Toward the end of the nineteenth century the workhouse was progressively abandoned, and the principle of less eligibility appeared to social policy analysts as belonging to a barbaric past. Because less eligibility was theorized to justify the 1834 Poor Law, scholars have reasoned that it is a cruel doctrine, a reactionary ideology. Yet there is nothing intrinsically cruel or reactionary about less eligibility in itself. Less eligibility in Victorian England was harsh because living standards at the time were atrocious. In 1816, the Year Without a Summer, people starved to death throughout Europe. Real wages had fallen in the first decades of the Industrial Revolution. Low-wage workers endured twelve-hour days, sometimes seven days a week; five-year-olds were sent to coal mines; mothers were forced into prostitution after their work shifts. Obviously, poor relief could not be generous in the face of such working conditions. "Any final judgement of the cruelty of the New Poor Law must take into account the conditions of the time," wrote historian David Roberts:
It was after all an age full of harshness, drunkenness, vagrancy, cruelty, and suffering. ... None of the critics who denounced the corporal punishment of ill-behaved boys in the workhouses mentioned that such a punishment was a widespread practice in families and schools. In its care of the insane and criminals and its use of child labour the age was a hard age, and crowded workhouses, so appalling to the Webbs, were not so appalling to the destitute of the 1830's. Compared to Liverpool cellar dwellings the commissioners' improved workhouse must not have seemed unusually cruel; and in relation to rural poverty the workhouse test had some justification.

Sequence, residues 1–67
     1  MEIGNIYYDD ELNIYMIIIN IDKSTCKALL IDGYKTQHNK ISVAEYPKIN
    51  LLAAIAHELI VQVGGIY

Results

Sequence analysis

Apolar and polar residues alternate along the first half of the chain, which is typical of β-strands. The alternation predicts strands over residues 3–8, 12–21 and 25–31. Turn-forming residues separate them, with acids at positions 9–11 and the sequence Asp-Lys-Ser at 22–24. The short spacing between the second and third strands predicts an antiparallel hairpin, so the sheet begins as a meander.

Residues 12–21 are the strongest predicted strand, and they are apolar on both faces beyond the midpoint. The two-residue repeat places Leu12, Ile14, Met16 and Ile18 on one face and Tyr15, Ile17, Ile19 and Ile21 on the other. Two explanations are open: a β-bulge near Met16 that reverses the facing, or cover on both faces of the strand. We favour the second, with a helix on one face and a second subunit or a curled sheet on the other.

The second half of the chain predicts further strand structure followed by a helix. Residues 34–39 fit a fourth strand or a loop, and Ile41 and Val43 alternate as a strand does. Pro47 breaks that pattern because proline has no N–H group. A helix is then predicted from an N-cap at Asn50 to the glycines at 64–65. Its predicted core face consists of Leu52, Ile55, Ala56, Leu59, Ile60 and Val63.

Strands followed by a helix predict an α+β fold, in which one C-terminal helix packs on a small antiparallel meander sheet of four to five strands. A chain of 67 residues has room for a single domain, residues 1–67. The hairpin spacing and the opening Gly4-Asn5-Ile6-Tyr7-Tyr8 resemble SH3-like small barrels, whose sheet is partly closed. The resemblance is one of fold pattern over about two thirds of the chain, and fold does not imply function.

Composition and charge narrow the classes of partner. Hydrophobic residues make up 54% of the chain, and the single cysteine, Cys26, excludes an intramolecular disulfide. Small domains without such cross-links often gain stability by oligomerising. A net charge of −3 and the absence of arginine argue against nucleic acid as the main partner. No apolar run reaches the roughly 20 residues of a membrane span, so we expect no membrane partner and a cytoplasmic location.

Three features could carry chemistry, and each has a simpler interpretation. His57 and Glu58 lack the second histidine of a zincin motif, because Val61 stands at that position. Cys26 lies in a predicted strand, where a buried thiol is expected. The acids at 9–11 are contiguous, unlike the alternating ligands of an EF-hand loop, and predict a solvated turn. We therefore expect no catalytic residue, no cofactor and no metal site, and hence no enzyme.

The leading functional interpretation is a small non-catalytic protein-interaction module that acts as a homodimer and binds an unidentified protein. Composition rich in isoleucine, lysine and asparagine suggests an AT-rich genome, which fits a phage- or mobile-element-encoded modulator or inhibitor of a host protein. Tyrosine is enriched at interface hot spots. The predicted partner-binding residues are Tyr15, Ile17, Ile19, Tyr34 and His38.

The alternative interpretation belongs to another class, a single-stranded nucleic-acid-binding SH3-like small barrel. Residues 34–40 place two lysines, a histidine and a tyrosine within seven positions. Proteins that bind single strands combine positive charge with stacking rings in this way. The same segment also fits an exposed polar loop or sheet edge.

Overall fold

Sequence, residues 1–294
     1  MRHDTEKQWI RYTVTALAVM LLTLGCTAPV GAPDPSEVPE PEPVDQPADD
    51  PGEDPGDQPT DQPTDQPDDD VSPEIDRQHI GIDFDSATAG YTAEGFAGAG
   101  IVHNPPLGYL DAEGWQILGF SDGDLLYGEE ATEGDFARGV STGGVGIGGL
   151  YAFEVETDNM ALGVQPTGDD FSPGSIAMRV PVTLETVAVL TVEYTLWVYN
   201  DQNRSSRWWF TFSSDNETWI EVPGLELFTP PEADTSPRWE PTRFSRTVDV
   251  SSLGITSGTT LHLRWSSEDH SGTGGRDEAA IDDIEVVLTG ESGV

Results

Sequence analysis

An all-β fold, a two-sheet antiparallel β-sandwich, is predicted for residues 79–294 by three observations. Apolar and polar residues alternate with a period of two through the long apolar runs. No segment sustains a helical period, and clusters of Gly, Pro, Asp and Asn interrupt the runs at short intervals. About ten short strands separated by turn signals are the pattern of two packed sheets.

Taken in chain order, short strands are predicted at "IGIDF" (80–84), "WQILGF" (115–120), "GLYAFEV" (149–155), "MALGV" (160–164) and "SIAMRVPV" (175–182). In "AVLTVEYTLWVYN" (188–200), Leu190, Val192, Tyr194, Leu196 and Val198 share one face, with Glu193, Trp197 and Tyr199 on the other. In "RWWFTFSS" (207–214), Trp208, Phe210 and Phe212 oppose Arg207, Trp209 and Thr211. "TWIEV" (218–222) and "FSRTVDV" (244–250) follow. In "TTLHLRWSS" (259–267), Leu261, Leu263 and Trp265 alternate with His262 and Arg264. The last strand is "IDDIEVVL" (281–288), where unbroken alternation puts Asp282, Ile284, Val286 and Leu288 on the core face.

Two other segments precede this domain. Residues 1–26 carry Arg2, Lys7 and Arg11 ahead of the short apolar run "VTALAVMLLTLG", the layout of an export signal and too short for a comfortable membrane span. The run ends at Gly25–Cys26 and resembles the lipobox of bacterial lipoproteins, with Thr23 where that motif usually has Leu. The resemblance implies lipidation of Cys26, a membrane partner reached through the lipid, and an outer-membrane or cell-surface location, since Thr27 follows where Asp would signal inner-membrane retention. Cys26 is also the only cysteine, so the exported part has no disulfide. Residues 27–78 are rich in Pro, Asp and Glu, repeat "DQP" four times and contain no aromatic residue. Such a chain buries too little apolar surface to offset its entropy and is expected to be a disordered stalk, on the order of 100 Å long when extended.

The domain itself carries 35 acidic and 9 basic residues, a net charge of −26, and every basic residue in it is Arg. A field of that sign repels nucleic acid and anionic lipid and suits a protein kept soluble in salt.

There is broad consensus that real wages and purchasing power only began to increase from the 1820s and less so for the poorest workers; and the cohorts born before the 1830s suffered higher infant mortality and reductions in height, especially in the lowest class of workers. The New Poor Law of 1834 was, then, a consequence of the declining living standards of the lowest class of workers at the onset of the Industrial Revolution.
Despite the association with the reviled New Poor Law, the principle of less eligibility was not an aberration. Less eligibility has always been the principle delimiting the upper limit of social policy, as a discussion of the welfare state literature will show.
WORKFARE AND THE UPPER LIMIT OF SOCIAL POLICY
At the end of the nineteenth century, states in industrial countries seized the responsibility to organize poor relief and developed (more or less) fully fledged welfare states, which became major instruments in legitimizing authority and creating national unity. Modern welfare states do not simply provide relief for the poor: they implement compulsory insurance systems that prevent people from falling into poverty. This is a revolutionary development. Welfare states are able to solve the free-rider problems that had plagued earlier, charity-based relief systems, and they allow for considerably more sophisticated forms of intervention in society and the economy. The insurance mechanism functions as "ex-ante redistribution": the more universal and generalized the insurance against the risks of old age, bad health, disability, and unemployment, the less the need for assistance (poor relief). Modern welfare states best respect the dignity of people at risk of poverty: "such [insurance-based] programs are rarely means tested, entail minimal surveillance, and in some cases obscure — often to the point of invisibility — any notion of dependence on the state."(Continues…)
Excerpted from "The Upper Limit"
Copyright © 2019 Francois Bonnet.
Excerpted by permission of UNIVERSITY OF CALIFORNIA PRESS.
All rights reserved. No part of this excerpt may be reproduced or reprinted without permission in writing from the publisher.
Excerpts are provided by Dial-A-Book Inc. solely for the personal use of visitors to this web site.
Table of Contents
1. The Upper Limit,
2. The Great Adjustment,
3. The Crime Drop and the East New York Renaissance,
4. The Necessity of Harsh Policing,
5. Prisoner Reentry in Public Housing,
6. Nonprofits: Welfare of the Cheap,
7. Reengineering Less Eligibility: The New York Homeless Shelter Industry,